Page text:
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Subject:RE: upgrade from 98 to XP From:"Steve Hudson" <cruddy -at- optushome -dot- com -dot- au> To:"TECHWR-L" <techwr-l -at- lists -dot- raycomm -dot- com> Date:Thu, 7 Feb 2002 10:50:28 +1100
> Would you like your harddrive formatted or just some random files deleted?
When I used to white-hat I would just put a simple notify message that
appeared after loadup and include a new test file in every sensitive
directory to prove I had been there. Mobs like the ABC were sceptical until
we used their internal email system to send them the notifies :-) Mind you,
back then it was a simple case of password hacking, look up the employees
list, formulate the logons and test every one with a 'sure-fire' password.
Beeing journo's most of them were accounted for with three words: pencil,
writing and article :-)
So there's no need to be nasty and trash like a 10 yr old hacker in bhis
first telco backend node :-) But I am still interested, I have used every
web check I can find to probe it and it appears locked.
Now the sub-human network or whatever it is :-) So, if I am using my machine
as a router, don't I have to use two separate sub-nets so that my computer
correctly identifies and addresses packets destined to the outside world
from my second machine(s)? As well as masking my internal network from them?
This bit just made me more confused.
Finally, the port thingo. So are you saying that potential 'commands' could
be issued through my open ports and a service listening on this end will
execute them without authentication? I thought this 'will react to' command
set is fairly limited. BTW: What is the proper term for these commands?
Network Control packets or something?
Now, my network tech who knows Win XP inside and out (MSCE + his accomplice
is the man they modeled Neo on and based Morpheus' ship on his house, no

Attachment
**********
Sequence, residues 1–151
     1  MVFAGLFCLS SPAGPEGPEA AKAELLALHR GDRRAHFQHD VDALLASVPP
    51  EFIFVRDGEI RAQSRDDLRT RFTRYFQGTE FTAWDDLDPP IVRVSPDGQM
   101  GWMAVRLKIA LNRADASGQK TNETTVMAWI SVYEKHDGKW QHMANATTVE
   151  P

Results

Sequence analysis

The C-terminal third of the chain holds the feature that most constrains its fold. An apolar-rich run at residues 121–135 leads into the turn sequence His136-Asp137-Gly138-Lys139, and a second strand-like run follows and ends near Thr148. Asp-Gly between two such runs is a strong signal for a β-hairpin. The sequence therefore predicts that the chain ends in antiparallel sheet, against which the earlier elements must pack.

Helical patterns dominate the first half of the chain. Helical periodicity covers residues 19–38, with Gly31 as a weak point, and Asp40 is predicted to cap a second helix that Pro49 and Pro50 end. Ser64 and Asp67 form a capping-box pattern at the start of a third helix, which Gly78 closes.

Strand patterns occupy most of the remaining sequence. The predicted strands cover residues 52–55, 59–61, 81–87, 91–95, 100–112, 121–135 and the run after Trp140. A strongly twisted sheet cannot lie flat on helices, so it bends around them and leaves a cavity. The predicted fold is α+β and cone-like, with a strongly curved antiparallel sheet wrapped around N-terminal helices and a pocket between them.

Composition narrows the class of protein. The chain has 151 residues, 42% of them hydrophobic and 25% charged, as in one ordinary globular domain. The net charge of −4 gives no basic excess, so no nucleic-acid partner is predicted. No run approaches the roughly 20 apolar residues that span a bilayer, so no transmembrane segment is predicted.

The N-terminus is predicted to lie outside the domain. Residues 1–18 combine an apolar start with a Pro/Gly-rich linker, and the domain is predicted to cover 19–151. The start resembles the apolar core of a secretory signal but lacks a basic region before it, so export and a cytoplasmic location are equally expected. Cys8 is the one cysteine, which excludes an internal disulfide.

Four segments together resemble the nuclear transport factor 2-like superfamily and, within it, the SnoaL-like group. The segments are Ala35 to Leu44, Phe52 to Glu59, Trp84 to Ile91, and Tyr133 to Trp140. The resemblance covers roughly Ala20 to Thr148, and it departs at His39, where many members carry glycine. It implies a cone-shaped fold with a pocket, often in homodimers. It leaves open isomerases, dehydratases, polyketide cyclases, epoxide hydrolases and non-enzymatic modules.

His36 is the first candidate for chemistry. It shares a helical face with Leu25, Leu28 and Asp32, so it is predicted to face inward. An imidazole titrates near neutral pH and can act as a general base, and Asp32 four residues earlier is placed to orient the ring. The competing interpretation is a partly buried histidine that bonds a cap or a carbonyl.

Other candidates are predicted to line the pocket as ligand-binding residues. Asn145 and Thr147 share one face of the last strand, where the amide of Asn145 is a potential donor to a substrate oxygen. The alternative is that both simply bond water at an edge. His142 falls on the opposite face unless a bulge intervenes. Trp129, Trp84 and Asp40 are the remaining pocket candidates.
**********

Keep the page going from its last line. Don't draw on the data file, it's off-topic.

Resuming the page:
kidding), managed to spare me a few sludgey morning thoughts on this, and
will elaborate in detail later. I am quite happy to pass questions through
to him, he owes me a few flavours by now :-)
WinXp does have a 'fake NAT'. It can use spoofing through the Personal
Firewall (which I am NOT using) and
it does do address translation (dynamic routing), but none of the other bits
in the full package like port mappings.
I have repackaged the group concerns as a series of targetted questions
aimed specifically at XP, let alone with Trinder (Neo) doing the White Hat
role we should get some definitive answers from the real end of the stick.
I've worked with the these guys for years... they are the tech part of The
Digital Foundry Australia, or tdfa.com...
What is the difference between what WinXP does and full NAT?
What extra functionality does personal firewall (PF) enable?
How does one enable PF? Is there much configuring to do?
If you are on cable ISP, does the PF really give you any benefits?
Why else aren't I running it?
Which of my 'have to be open' ports will accept external network commands
and how does XP limit this?
XP defaults to all ports closed unless open specifically.. True or False?
If I hand out my IP to a white-hat, other than remote connection, what else
can they do to get into MY system (not ANY system, my implementation
Can XP natively block outbound, unauthorised traffic?
Does ZoneAlarm or any other firewall package have significant benefits for
the SOHO XP user? What are the key features they add that XP lacks, how
important are these features and how realistic is it that these features
will ever do anything active?
How much of an issue is the remote connectivity? Can it be disabled and
enabled on demand, if so how?
Have I missed anything?
Steve Hudson, Word Heretic
HDK List MVP
Word help and tools: heretic -at- tdfa -dot- com
From: Andrew Plato
Sort of. The whole idea behind subnets is to break down large networks
into smaller peices. Routers then use the subnet mask to determine if an
address is "local" to the subnet or "remote" to another subnet. If the
address is local, then your PC would send the packets directly to the
host. If it is remote then your PC sends the packets to the default
gateway (router) for routing.
A router also can perform NAT (network address translation). Behind the
router is one group of IP addresses. On the other side is another set
(such as the entire Internet). As packets are recieved by the router from
one network, it "repackages them" and sends them to the other network. In
a sense, it "translates" addresses such that the outside world can't see
in, and internal clients are not directly exposed to the Internet.
The WinXP firewall is extremely pathetic. Its just a port/IP blocker. You
still have to leave ports open to do things like share files, surf the web
etc. The real problem is not just merely blocking ports (that's easy), its
who is coming into the machine and what are they doing....for that you
need an IDS, like BlackICE.
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